CMH Gourmand

Culinary Discovery & Misadventures in the Ice Cream Capital of the World (Columbus)

Creole Kitchen: An A for Authentic

Posted by cmh gourmand on March 21, 2013

A fortunate circumstance of my paid profession, is my proximity to Creole Kitchen. As much as I drool when hearing the mention of Chef Butcher’s Beignets, Étouffée, or other goodness, the hours and location on Mt. Vernon Ave., was just not convenient to my day-to-day travels in my previous work life. Now, I am a short five-minute drive away. This winter I have been getting lunch to go about once per week. I used the first three months of 2013 to study Creole Kitchen. These are my observations.

Let’s start with the location. As mentioned, it is off the beaten path. It my be mildly inconvenient to many food enthusiast’s outside of the neighborhood. The place is easy to miss buried in a newer strip mall in an old neighborhood. That is no problem for Chef Butcher, he has no problem getting customers through the door. He chose the location and the neighborhood to make a commitment to the community. Much like Franklinton, the King Lincoln District has been “up and coming” for a long time. Unfortunately the upward slope of that bell curve has been pretty flat, but Chef Butcher is a man of patience.

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Now a segue at the pedigree of the place. Chef Butcher was born in Louisiana. He had has cooked and “chefed” extensively in many places. He had a much written about run at Michael Oliver’s in the 1990’s getting some press and attention as one of the few culinarians in Central Ohio that could do Cajun and creole right. Even though Chef Butcher is advanced in years, he ability to move a line has not slackened after years of blackening.

The place is small, simple and spartan. There is standing room for carry out orders. While there is 2 to 3 small two top tables, unless it is very slow and not crowded, you wont find anyone eating at them. For those that know to ask and visit at the right time and crowd volume, there is a “Chef’s Table” back in the kitchen area. A few select people (I did it once) can eat at a beaten wooden table that seats 2-4 depending on the collective girths of the party. The kitchen crew includes a family member or two and the service counter is always efficient and often friendly if it is not too busy.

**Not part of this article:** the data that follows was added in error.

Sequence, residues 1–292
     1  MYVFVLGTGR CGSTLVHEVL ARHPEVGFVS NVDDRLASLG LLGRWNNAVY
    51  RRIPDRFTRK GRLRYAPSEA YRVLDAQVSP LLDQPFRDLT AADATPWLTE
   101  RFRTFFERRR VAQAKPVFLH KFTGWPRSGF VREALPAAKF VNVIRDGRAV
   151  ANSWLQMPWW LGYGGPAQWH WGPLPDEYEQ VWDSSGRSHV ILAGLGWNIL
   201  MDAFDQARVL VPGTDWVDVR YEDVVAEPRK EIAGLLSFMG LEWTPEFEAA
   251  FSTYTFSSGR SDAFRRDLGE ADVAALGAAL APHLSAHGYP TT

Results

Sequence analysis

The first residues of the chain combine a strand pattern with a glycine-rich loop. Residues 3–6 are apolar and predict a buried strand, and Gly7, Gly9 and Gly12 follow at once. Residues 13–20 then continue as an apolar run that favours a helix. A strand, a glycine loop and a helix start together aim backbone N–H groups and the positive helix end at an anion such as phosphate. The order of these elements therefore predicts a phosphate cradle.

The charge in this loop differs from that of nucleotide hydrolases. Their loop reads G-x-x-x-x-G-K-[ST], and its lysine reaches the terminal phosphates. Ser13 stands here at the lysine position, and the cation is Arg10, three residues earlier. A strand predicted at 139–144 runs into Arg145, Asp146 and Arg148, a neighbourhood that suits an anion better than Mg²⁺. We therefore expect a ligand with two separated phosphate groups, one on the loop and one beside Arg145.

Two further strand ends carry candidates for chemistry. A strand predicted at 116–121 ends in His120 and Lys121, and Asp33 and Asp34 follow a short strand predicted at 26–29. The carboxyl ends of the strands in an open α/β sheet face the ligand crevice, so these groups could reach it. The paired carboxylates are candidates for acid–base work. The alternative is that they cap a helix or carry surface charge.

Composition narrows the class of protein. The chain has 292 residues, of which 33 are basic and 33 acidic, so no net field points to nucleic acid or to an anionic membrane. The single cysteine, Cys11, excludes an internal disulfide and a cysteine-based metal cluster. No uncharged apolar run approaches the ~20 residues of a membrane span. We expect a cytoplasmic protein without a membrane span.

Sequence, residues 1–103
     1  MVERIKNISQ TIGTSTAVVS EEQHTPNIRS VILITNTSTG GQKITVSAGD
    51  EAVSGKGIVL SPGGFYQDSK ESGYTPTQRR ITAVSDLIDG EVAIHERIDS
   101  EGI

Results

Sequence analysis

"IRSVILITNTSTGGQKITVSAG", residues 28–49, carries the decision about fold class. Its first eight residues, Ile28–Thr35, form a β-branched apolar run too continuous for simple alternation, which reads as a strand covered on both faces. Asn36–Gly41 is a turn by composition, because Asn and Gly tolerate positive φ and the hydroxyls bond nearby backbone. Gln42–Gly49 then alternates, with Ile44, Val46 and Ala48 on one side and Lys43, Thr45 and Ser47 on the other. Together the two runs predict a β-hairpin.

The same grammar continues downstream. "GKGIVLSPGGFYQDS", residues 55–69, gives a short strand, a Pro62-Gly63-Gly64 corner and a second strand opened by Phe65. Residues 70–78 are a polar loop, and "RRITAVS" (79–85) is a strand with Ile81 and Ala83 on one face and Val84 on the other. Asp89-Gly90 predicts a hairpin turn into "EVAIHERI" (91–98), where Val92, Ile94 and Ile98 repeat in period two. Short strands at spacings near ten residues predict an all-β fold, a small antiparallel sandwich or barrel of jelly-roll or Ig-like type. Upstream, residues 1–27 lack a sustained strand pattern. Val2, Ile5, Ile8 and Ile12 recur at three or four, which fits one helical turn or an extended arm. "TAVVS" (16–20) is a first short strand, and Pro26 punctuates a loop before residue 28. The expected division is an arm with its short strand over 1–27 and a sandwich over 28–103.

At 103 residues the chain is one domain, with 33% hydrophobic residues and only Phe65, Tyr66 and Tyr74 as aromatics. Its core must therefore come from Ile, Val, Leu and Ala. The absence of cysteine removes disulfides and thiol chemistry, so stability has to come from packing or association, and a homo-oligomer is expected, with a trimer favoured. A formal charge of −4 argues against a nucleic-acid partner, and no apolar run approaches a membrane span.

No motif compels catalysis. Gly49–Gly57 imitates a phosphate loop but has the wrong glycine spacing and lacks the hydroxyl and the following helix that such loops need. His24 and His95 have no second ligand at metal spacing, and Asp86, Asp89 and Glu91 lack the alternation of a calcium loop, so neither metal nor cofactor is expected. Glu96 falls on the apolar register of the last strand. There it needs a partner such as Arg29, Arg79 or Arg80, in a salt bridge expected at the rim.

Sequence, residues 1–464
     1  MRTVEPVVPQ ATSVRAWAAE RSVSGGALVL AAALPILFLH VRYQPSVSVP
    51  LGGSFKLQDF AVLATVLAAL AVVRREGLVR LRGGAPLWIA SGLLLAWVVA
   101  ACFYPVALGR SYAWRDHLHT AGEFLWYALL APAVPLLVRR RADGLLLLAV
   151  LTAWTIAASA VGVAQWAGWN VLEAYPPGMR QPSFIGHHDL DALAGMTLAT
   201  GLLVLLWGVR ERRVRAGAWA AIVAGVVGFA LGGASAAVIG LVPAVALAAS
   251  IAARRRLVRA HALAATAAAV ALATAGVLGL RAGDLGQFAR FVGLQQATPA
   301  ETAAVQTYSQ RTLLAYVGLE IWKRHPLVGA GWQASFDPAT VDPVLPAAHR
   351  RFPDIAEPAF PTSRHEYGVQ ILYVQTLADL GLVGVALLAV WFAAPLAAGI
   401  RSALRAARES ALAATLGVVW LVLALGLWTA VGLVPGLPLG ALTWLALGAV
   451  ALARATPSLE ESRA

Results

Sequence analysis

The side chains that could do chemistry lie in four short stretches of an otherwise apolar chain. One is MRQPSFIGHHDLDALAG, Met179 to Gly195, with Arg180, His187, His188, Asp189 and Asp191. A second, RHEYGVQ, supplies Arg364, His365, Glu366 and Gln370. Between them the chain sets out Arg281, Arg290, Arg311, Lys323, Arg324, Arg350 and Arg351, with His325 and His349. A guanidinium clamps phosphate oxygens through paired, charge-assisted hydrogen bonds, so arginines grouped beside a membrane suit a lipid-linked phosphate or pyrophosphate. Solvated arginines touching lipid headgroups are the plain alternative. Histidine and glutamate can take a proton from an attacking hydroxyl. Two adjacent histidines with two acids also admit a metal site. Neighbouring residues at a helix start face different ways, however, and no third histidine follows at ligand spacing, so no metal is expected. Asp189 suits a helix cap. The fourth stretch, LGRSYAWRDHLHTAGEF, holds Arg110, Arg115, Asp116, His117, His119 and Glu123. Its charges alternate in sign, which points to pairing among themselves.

Here is an inside tip. Call your order in. The phone will often get picked up. If it is busy, it may ring forever or you might get placed on hold and forgotten about. This is not a negative reflection on the staff, there are just so many orders once can take and actually be able to fill them. If you do happen to walk in and place a “live” order don’t fret, you will still be served. If orders are backed up and you have time to kill, might I suggest driving to the Angry Baker on Oak Street to get a dessert to go. The round trip to and from Angry Baker to Creole Kitchen, with a few moments to make a selection, can be done in as few of 19 minutes. There is one advantage of just dropping in to place your order. There are always five to six really good daily specials (see some examples below) like a meatloaf sandwich.

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Now for the food. For whatever reason, the offerings at Creole Kitchen don’t photograph very well, so there will be little food porn. Take a moment to study the menu below and I’ll elaborate on some of the item you may want to try in a bit.